The above results suggest that a select population of T cells are the target cells of the suppressive activity exhibited by the hybrid supernatants. These findings were confirmed by evidence that this suppressive activity was abrogated by preincubating the hybridoma supernatants with purified T cells (2×107 /ml) for 2 hours (Table 3). To determine which population of T cells was affected, T cell subsets T8- (OKT8 nonadherent cells, predominantly T4+ cells) and T4- (OKT4 nonadherent cells, predominantly T8+) cells were prepared. As shown in FIG. 6, the T8- cells were the predominant subset responding to PHA induced proliferation in these cultures. Therefore, the effect of 8E-24 supernatnnts on T8- cell proliferation was studied. As shown FIG. 7, 8E-24 supernatants caused significant suppression (30% suppression, P<0.00) of the PHA-induced proliferation of the T8- cell population. Further studies with the hybridoma supernatants showed that the highest suppression for IgM production in reconstructed cultures with T4+ cells and B cells at the ratio of 2:1. The degree of suppression could be reduced by increasing the ratio of T4+ cells (Table 4). These results provide further support that the immunosuppression mediated by this supernatant involves the T4+ cells as a target cell.
To estimate the molecular size of the hybridoma suppressor factor, the hybridoma supernatants were separated into two fractions using a defined pore microconcentrator with an approximate 10,000 MW pore size (Centricon 10, Amicon, Danvers, Mass.). The majority of the suppressive activity was found in the supernatant after passing it through the filter (Table 5). No loss of potency of suppression of IgM synthesis was observed in this fraction, thus suggesting that the molecular size of the suppressor factor is less than 10,000 MW. A similar procedure established that the factor has a molecular wight above 1,000.
It was observed that decreased PHA-induced proliferation of T4 cells was accompanied by a corresponding decrease in IL-2 production in those cells. Peak IL-2 production of PWM stimulated peripheral blood mononuclear cell cultures (occurring on the second day) was significantly suppressed by the 8E-24 supernatant, which had no effect on IL-1 production in these cells.
The uses of the suppressor factor of the invention are based on its unique properties, most particularly its ability to target a subset of human T lymphocytes involved in regulating the synthesis of antibodies and in the production of IL-2, while leaving other components of the immune system unaffected. Uses fall into two main categories: diagnosis and therapy.
Human Patients suffering from autoimmune diseases in which harmful antibodies circulate in the bloodstream will be expected to exhibit abnormally low blood levels of the suppressor factor of the invention. Assaying blood or other biological fluid samples for the factor can thus provide a means of monitoring therapy and assessing the immune status of patients with autoimmune diseases, e.g., systemic lupus erythematosis (SLE).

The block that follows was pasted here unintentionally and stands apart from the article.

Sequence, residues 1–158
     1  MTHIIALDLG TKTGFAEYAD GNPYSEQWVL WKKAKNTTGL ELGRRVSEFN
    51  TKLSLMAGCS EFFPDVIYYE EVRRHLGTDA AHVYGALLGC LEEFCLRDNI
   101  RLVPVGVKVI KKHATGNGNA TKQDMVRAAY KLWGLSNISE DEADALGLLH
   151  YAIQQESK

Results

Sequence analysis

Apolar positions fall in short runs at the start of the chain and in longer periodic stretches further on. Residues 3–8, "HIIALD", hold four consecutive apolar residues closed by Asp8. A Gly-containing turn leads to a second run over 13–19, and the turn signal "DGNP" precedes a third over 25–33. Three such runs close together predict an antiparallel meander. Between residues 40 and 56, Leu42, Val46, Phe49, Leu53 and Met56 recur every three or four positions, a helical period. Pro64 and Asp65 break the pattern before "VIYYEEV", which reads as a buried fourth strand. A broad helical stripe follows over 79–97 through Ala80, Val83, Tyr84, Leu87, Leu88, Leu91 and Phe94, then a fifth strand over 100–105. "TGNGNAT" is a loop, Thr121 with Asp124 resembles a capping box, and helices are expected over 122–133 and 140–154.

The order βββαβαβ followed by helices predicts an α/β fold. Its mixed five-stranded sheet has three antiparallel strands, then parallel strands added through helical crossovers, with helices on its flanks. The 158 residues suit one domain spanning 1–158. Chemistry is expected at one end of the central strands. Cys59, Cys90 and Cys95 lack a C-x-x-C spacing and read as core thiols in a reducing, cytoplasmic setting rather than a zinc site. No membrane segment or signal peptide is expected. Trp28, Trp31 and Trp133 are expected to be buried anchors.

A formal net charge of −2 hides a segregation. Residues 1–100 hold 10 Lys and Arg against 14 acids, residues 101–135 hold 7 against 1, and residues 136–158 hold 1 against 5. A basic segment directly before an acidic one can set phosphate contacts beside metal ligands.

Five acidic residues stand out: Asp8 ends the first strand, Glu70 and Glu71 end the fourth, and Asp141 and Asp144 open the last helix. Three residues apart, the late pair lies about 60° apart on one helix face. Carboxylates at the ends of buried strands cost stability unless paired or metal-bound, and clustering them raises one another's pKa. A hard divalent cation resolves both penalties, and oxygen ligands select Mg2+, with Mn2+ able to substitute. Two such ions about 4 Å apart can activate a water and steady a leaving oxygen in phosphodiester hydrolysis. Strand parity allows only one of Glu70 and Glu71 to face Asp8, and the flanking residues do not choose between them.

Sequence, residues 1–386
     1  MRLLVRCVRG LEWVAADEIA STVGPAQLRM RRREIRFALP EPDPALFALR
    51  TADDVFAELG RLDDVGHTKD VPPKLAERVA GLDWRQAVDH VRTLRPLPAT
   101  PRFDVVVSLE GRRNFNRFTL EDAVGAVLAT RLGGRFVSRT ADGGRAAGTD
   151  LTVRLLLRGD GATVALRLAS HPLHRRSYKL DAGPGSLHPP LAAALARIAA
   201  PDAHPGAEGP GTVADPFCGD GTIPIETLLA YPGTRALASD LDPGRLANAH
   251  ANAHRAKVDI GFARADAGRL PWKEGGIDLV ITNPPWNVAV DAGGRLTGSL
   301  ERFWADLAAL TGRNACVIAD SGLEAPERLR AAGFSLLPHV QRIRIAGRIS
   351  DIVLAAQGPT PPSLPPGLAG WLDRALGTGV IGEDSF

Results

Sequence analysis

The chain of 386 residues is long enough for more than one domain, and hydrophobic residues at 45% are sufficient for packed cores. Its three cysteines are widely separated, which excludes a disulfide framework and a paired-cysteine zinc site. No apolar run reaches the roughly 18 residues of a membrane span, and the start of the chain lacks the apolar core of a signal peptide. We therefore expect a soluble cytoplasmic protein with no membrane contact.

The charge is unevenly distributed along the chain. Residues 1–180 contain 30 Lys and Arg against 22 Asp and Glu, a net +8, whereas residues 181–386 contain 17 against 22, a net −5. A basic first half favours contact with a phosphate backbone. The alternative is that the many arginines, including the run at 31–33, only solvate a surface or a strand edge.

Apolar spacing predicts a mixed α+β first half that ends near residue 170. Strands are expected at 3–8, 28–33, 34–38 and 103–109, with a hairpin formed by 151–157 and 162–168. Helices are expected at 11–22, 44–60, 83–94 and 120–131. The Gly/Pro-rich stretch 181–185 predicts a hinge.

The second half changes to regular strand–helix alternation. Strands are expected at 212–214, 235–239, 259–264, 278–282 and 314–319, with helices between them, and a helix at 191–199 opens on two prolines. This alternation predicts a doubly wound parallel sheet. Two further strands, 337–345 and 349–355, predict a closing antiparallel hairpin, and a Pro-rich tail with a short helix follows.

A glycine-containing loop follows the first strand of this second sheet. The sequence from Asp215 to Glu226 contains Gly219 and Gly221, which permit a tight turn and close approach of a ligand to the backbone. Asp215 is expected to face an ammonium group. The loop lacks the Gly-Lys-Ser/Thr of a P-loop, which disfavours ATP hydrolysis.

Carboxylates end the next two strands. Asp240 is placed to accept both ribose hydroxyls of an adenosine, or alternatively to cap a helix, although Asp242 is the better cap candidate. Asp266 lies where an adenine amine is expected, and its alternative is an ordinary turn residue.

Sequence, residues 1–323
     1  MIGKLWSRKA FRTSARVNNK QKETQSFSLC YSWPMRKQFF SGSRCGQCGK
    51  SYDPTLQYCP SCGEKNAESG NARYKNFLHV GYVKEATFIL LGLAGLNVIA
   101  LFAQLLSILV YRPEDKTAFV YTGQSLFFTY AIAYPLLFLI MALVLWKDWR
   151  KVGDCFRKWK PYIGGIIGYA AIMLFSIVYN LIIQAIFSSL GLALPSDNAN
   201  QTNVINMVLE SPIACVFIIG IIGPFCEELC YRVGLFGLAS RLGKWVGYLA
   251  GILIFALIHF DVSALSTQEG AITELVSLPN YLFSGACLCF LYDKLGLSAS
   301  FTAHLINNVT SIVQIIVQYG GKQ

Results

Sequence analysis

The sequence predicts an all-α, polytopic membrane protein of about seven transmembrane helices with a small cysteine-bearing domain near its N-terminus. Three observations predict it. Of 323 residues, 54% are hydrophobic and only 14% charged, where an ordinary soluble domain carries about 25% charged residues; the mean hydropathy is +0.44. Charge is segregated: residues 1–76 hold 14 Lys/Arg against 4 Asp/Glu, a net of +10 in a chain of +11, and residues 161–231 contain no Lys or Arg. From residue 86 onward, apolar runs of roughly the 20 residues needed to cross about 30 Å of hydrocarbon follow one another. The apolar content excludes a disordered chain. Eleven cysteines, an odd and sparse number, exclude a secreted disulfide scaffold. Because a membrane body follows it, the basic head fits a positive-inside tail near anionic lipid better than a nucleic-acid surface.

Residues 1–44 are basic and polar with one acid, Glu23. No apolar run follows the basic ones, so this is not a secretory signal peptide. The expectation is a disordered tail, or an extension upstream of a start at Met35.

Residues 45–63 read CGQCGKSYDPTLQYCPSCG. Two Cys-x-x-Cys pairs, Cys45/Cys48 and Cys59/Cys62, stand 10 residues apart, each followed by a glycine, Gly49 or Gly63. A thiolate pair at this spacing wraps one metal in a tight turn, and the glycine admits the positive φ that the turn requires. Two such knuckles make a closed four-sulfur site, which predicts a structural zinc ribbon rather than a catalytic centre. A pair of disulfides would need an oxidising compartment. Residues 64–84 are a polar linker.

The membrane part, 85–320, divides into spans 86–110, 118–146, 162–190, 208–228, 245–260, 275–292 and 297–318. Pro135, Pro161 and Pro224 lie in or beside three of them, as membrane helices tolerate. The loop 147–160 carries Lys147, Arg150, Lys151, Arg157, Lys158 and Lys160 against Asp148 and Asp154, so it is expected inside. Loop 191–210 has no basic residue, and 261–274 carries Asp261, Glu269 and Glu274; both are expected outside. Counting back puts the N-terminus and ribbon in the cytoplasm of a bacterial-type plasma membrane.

Such assays can be carried out by conventional immunoassay methods employing antibodies to the suppressor factor, made by conventional techniques in which a rabbit is immunized with the factor and the resulting antibody harvested and labeled, e.g., with a radioisotope.
Another non-therapeutic use of the supressor factor of the inventions in the dissection of human T cell populations into subsets based on reactivity with the factor. This can be carried out by the technique known as "panning", in which a substrate is coated with the factor and then washed with suspensions of T cells, only a fraction of which adhere to the coated substrate. This adhering fraction represents a subpopulation involved in antibody and IL-2 synthesis. The suppressor factor can also be labeled and used to assay blood samples for T cells of this subpopulation, to give an indication of the immune status of patients such as SLE patients, or to monitor events such as allograft rejection, which are likely to be preceded or accompanied by increased numbers of these suppressor-reactive cells.
For use in therapy, the suppressor factor of the invention is first purified to homogeneity using conventional techniques. It can then be used therapeutically in at least two different ways: (1) to remedy a deficiency of the factor in patients such as SLE patients, and (2) to target and lyse the T cell subpopulation for which the factor is specific.